Now, it seems like there is finally some positive momentum for Foster's injury. His agent Malki Kawa spoke to NFL Network's Ian Rapoport: "He's got feeling in his toes, the underside of his foot, the side of his foot. The nerve is starting to fire again."

The alarming part here is that Foster had lost feeling in his toes, and for a long period of time too. Foster's injury happened last May. 

Rehabbing a knee is one thing, football players do that all the time. But nerves operate almost on their own, and some nerve damage is irreperable. 

"He's regaining feeling and power," Kawa said. "It shows the nerve is firing. When he moves his leg upward, he can feel around the ankle and the top part of the foot. That's a new thing. The next 60 days are going to be big as far as getting back to normal."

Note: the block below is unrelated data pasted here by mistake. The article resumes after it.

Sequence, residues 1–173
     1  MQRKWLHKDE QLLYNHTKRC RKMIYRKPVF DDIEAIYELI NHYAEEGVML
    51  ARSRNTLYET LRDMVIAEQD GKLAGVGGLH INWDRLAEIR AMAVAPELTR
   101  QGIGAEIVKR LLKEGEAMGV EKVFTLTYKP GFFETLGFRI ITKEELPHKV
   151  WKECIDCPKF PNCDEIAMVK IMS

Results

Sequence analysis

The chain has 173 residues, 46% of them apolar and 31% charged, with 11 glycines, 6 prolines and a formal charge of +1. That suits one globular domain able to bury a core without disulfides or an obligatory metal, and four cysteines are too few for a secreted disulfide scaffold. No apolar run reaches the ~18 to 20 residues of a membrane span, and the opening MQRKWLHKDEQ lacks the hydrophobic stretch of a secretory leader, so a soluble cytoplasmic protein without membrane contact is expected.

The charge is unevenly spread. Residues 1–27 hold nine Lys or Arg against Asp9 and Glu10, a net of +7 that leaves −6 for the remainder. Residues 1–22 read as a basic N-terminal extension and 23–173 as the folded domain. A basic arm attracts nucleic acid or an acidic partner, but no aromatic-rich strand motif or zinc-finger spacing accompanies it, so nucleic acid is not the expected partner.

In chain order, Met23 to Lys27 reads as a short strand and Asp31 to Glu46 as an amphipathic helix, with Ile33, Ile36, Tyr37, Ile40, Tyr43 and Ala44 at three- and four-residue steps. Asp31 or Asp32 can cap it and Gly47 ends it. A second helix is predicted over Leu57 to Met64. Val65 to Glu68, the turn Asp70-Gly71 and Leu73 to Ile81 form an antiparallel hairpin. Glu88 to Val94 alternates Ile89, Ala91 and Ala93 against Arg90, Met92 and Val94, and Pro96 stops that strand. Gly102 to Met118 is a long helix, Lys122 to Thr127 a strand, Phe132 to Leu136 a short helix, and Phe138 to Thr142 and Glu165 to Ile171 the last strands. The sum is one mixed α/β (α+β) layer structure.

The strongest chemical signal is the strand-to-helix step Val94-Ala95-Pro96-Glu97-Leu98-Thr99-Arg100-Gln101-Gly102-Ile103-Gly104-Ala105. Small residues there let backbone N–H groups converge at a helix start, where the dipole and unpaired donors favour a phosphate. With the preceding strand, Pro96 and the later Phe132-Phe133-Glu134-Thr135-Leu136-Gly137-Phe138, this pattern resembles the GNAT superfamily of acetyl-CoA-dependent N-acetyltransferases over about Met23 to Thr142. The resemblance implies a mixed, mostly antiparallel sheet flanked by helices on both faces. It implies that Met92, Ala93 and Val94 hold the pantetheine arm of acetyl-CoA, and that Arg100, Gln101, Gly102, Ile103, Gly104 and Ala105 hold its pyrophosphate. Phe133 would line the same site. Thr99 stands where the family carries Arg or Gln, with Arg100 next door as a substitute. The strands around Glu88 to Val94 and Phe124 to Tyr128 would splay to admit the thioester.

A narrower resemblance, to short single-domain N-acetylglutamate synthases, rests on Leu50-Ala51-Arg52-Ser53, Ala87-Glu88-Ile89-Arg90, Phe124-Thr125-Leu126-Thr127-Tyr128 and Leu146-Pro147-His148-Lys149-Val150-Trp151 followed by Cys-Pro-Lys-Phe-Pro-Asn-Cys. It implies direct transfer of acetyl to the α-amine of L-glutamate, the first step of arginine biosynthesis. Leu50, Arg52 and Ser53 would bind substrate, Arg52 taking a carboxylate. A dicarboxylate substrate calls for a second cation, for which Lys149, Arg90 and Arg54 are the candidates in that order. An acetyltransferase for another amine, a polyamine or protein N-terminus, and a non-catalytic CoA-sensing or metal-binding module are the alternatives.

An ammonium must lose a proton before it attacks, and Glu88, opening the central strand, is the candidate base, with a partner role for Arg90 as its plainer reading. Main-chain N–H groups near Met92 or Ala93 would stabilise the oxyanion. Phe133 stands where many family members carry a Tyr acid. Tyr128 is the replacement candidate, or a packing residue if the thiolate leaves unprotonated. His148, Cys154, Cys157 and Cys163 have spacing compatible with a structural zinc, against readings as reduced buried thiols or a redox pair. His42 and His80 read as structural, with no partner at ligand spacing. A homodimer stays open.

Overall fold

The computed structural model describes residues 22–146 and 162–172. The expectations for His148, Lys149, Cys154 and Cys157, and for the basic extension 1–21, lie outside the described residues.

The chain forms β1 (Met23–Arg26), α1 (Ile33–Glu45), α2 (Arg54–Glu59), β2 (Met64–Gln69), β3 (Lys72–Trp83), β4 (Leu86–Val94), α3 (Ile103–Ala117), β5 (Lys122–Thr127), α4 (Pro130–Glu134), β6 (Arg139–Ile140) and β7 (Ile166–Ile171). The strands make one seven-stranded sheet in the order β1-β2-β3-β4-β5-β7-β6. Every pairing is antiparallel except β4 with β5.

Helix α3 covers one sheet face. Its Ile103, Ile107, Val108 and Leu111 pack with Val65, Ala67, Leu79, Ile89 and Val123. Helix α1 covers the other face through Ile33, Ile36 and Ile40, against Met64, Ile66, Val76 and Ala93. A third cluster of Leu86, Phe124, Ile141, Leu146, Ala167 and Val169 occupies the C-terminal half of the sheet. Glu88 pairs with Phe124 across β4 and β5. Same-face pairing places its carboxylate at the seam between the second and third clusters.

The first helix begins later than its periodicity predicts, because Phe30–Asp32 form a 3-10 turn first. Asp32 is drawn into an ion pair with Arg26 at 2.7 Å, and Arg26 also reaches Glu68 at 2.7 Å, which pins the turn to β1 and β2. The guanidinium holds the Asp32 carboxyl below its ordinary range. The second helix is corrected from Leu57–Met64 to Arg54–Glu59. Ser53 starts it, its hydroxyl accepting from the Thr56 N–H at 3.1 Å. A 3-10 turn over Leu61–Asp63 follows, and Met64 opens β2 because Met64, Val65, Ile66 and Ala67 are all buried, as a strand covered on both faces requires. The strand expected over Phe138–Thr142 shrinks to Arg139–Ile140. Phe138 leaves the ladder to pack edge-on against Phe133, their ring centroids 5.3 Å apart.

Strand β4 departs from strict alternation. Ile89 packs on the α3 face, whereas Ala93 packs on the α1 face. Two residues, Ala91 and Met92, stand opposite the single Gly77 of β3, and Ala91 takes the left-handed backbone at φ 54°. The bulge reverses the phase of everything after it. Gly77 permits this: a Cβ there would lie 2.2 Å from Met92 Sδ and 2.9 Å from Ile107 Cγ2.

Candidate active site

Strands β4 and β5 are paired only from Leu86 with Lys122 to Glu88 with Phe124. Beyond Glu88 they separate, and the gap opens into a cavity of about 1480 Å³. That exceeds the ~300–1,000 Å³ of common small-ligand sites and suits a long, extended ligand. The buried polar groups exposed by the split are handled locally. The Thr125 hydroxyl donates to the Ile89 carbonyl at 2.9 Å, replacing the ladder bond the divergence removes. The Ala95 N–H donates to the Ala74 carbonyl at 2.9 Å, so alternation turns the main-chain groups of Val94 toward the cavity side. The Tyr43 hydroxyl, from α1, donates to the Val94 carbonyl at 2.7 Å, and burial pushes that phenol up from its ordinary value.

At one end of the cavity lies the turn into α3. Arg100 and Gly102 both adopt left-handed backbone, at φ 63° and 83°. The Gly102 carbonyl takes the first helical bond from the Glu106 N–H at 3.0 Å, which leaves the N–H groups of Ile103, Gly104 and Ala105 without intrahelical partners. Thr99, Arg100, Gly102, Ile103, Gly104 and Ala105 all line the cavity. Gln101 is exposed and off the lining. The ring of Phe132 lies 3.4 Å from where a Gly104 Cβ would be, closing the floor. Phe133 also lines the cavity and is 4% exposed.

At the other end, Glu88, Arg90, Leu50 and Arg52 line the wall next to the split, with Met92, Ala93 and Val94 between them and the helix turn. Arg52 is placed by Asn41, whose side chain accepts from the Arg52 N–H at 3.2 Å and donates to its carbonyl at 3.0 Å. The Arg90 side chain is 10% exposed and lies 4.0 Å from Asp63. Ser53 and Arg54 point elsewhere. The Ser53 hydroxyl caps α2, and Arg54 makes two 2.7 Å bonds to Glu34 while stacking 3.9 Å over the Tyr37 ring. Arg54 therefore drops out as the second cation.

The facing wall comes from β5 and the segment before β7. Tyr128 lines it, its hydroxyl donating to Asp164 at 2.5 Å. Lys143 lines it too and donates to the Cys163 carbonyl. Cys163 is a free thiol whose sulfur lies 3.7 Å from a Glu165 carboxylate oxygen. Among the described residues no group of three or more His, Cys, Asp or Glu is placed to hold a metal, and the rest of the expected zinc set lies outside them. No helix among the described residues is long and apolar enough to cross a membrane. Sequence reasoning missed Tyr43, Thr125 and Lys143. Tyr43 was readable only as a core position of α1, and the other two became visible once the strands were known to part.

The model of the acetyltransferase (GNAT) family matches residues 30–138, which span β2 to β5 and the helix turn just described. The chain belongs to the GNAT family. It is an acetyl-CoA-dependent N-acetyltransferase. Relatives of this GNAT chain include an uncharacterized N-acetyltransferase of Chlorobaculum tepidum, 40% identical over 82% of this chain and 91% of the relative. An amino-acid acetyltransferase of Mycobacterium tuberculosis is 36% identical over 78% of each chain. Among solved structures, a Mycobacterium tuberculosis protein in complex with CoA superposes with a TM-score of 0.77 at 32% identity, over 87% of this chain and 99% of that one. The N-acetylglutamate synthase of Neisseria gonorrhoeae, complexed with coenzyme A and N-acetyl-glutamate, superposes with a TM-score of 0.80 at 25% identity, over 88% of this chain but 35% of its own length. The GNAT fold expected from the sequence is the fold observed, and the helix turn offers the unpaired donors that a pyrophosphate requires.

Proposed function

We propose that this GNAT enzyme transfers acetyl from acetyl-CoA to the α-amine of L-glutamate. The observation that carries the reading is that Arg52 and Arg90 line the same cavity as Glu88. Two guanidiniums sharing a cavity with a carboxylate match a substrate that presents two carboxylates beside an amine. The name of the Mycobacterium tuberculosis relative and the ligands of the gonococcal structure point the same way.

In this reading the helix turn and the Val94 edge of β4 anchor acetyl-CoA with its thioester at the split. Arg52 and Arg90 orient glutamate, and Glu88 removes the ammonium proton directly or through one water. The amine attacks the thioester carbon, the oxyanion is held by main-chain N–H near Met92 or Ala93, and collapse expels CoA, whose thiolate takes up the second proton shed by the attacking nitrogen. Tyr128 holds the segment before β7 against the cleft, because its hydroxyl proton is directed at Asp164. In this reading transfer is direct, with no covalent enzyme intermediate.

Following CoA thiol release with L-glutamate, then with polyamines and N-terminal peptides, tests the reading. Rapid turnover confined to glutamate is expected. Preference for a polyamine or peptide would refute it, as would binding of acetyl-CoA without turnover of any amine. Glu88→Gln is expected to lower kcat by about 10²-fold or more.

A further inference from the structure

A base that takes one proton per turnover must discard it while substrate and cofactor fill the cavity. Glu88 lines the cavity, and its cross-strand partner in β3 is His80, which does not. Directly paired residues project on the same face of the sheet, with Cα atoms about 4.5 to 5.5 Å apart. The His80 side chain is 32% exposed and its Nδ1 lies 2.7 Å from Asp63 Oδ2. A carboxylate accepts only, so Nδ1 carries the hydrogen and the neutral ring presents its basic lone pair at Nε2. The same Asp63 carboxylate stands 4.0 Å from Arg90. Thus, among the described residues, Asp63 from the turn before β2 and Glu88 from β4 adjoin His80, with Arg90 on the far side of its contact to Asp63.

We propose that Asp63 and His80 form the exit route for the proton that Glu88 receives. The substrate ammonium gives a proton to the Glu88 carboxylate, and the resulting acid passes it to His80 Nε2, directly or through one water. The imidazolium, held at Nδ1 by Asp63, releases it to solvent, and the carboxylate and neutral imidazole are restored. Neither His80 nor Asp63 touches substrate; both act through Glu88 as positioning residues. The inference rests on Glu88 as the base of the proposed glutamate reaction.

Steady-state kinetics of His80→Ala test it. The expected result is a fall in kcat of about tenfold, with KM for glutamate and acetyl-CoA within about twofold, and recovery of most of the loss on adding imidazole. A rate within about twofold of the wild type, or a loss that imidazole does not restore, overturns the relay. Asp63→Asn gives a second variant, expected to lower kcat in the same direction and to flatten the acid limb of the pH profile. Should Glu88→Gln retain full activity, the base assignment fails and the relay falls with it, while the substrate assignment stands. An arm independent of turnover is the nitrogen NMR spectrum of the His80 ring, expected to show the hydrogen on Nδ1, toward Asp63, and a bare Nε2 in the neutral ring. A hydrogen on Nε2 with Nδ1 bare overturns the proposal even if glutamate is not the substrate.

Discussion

The Redskins know about scary nerve injuries. Promising rookie safety Kyshoen Jarrett sustained nerve damage in his arm in Week 17 of the 2015 season, and never played again. Two years ago, cornerback Quinton Dunbar dealt with a nerve issue in his leg and was basically lost for the year. 

What happens next for Foster will be interesting to watch. 

Kawa said the next 60 days will be important, and that timeline also coincides with more Redskins offseason work. After such a significant injury, it would be premature to make any assumptions about Foster's return to the field, and if/when that happens, his level of play. 

Foster has been seen around the Redskins training facility at times since he was signed in 2018. At various points he was using a scooter and then walking on his own with a significant brace.